Netezza shows there’s more than one way to handle Big Data

Photo by Nick Dimmock

As you may have noticed I'm a strong advocate of MapReduce, Hadoop and NoSQL, but I'm not blind to their limits. They're perfect for my needs primarily because they're dirt-cheap. There's no way on God's earth I could build my projects on enterprise systems like Oracle, the prices are just too high. The trade-off I make is that I spend a lot of my own time on learning and maintenance, whereas a lot of the cost of commercial systems reflects the support companies receive, so they don't need their own employees to geek out like that.

Another thread has been the relatively poor price/performance ratio of standard SQL databases when it comes to terabytes of data. That's where Netezza has been interesting, and today's announcement that they were being acquired by IBM highlighted how much success they've had with their unique approach.

The best way to describe Netezza's architecture was that they built the equivalent of graphics cards, but instead of being focused on rendering they worked at the disk controller level to implement common SQL operations as the data was being loaded from the underlying files, before it even reached the CPU. As a practical example, instead of passing every row and column from a table up to main system memory, their FPGA-based hardware has enough smarts to weed out the unneeded rows and cells and upload a much smaller set for the CPU to do more complex operations on. For more information, check out Curt Monash's much more in-depth analysis.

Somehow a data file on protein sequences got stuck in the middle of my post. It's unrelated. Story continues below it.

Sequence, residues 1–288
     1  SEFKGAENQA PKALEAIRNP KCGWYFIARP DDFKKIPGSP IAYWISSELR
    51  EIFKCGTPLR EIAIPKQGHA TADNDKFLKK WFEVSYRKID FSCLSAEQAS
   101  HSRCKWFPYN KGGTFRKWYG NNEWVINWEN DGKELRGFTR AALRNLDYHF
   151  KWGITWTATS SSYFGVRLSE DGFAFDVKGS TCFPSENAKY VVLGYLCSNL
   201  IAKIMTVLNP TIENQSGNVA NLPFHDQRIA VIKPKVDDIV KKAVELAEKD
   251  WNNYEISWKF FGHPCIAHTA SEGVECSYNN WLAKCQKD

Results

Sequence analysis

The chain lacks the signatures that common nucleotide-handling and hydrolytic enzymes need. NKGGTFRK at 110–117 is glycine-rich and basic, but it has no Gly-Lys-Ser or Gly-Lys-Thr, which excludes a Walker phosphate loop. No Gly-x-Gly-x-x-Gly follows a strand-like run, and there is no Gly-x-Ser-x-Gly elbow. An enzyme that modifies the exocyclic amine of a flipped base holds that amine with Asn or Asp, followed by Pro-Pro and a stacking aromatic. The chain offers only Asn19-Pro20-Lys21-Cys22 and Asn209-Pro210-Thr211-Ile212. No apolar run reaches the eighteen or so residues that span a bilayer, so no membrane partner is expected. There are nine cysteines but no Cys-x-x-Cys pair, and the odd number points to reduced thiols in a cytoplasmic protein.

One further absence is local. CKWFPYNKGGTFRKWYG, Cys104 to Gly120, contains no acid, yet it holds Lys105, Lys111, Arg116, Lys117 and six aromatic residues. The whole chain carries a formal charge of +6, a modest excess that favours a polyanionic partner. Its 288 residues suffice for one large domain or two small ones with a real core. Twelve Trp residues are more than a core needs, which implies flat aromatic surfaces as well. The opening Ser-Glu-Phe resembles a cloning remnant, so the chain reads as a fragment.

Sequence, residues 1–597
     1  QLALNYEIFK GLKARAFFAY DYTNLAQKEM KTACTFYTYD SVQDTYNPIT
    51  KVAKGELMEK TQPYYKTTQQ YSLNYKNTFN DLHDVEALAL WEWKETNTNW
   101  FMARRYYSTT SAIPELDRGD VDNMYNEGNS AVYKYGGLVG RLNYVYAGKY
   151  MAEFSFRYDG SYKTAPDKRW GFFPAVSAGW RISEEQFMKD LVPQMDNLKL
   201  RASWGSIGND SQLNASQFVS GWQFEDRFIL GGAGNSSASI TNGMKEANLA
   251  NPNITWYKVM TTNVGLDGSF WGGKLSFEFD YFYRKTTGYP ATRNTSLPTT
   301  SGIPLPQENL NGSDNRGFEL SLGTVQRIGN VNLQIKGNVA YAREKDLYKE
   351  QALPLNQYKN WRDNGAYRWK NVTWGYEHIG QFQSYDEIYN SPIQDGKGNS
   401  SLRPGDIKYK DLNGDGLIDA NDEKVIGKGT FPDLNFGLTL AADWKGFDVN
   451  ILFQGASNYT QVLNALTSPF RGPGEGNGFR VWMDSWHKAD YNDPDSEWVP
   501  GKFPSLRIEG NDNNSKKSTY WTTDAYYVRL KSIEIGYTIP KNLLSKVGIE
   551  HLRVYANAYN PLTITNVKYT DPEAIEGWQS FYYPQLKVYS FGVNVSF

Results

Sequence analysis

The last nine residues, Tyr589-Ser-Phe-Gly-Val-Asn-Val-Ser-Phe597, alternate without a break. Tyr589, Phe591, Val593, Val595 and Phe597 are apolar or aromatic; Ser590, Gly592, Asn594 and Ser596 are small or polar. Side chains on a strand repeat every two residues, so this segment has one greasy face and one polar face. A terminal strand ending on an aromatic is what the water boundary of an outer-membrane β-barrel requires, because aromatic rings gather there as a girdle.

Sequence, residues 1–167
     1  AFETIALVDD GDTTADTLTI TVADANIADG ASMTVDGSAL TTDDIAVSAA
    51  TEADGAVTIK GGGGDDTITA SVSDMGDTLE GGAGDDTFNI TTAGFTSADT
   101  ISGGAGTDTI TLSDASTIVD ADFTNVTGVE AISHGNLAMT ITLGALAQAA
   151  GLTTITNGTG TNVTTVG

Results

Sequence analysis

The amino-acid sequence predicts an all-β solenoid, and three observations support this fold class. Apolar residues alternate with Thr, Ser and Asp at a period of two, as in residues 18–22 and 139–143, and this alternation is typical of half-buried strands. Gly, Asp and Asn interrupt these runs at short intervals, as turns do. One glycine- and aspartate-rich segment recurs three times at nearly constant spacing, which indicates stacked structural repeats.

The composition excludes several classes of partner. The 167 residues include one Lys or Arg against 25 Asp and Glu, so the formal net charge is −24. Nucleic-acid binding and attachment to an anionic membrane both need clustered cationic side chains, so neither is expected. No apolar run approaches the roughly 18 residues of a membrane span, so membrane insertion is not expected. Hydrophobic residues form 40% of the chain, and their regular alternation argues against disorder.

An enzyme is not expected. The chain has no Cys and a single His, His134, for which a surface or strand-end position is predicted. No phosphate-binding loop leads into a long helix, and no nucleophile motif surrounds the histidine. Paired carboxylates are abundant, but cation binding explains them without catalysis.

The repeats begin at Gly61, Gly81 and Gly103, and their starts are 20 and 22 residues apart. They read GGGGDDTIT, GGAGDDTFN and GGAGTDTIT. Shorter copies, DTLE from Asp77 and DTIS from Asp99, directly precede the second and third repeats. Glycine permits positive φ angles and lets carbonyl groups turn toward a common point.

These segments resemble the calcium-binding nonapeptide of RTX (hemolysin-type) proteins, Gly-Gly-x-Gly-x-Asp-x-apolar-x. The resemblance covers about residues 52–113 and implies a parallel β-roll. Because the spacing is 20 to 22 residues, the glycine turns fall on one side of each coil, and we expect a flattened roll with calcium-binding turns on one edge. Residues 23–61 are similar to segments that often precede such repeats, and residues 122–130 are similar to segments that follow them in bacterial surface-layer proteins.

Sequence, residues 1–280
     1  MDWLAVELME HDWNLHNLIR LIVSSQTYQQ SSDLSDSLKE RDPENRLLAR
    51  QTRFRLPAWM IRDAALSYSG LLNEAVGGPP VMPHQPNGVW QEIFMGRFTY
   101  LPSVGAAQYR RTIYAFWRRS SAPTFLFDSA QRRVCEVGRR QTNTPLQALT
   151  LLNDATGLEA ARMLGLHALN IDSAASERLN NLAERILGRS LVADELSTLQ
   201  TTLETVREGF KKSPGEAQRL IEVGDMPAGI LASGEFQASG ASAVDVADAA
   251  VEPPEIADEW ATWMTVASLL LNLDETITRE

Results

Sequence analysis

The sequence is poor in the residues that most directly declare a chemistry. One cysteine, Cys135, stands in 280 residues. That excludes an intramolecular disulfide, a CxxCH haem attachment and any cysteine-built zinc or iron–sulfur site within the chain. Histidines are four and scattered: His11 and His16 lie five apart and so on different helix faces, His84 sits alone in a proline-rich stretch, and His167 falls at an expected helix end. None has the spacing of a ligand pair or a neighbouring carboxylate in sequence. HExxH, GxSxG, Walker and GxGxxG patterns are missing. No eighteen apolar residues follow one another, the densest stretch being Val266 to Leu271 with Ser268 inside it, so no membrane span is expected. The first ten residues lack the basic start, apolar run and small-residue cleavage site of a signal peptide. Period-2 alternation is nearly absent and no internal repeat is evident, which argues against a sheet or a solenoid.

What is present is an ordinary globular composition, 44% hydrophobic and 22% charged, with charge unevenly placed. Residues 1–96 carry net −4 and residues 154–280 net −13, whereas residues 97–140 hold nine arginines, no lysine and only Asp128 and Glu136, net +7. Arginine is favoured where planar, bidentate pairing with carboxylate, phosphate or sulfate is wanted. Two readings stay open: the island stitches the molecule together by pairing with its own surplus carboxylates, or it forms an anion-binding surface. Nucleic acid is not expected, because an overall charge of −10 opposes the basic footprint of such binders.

Why does this matter? This completely flies in the face of the trend towards throwing a Mongolian horde of cheap commodity servers at Big Data problems in the way that Google popularized. It also suggests that there might be another turn of the Wheel of Reincarnation about to get started. These happen when a common processing problem's requirements outstrip a typical CPU's horsepower, and the task is important enough that it becomes worthwhile to build specialized co-processors to handle it. CPU power then increases faster than the problem's requirements, and so eventually the hardware capability gets folded back into the main processor. The classic example from my generation is the Amiga-era graphics blitters for 2D work which got overwhelmed by software renderers in the 90's, but were then reincarnated as 3D graphics cards.

At the moment we're in the 'Everything on the CPU with standard hardware' trough of the wheel for Big Data processing, but with Google hinting at limits to its MapReduce usage, maybe we'll be specializing more over the next few years?

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